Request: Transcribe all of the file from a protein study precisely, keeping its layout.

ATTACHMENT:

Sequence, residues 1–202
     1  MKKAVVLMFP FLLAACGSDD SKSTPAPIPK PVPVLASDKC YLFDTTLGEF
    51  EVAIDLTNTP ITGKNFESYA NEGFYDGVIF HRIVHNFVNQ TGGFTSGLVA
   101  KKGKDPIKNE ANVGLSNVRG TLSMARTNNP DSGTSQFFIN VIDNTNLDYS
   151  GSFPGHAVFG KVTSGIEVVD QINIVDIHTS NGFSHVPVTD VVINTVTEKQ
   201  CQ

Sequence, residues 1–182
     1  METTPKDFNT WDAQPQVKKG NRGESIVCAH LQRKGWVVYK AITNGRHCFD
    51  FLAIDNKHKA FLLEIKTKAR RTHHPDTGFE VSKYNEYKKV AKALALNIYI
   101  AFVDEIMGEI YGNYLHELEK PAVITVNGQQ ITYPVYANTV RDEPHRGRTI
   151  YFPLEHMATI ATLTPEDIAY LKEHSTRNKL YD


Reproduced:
Sequence, residues 1–202
     1  MKKAVVLMFP FLLAACGSDD SKSTPAPIPK PVPVLASDKC YLFDTTLGEF
    51  EVAIDLTNTP ITGKNFESYA NEGFYDGVIF HRIVHNFVNQ TGGFTSGLVA
   101  KKGKDPIKNE ANVGLSNVRG TLSMARTNNP DSGTSQFFIN VIDNTNLDYS
   151  GSFPGHAVFG KVTSGIEVVD QINIVDIHTS NGFSHVPVTD VVINTVTEKQ
   201  CQ

Sequence, residues 1–182
     1  METTPKDFNT WDAQPQVKKG NRGESIVCAH LQRKGWVVYK AITNGRHCFD
    51  FLAIDNKHKA FLLEIKTKAR RTHHPDTGFE VSKYNEYKKV AKALALNIYI
   101  AFVDEIMGEI YGNYLHELEK PAVITVNGQQ ITYPVYANTV RDEPHRGRTI
   151  YFPLEHMATI ATLTPEDIAY LKEHSTRNKL YD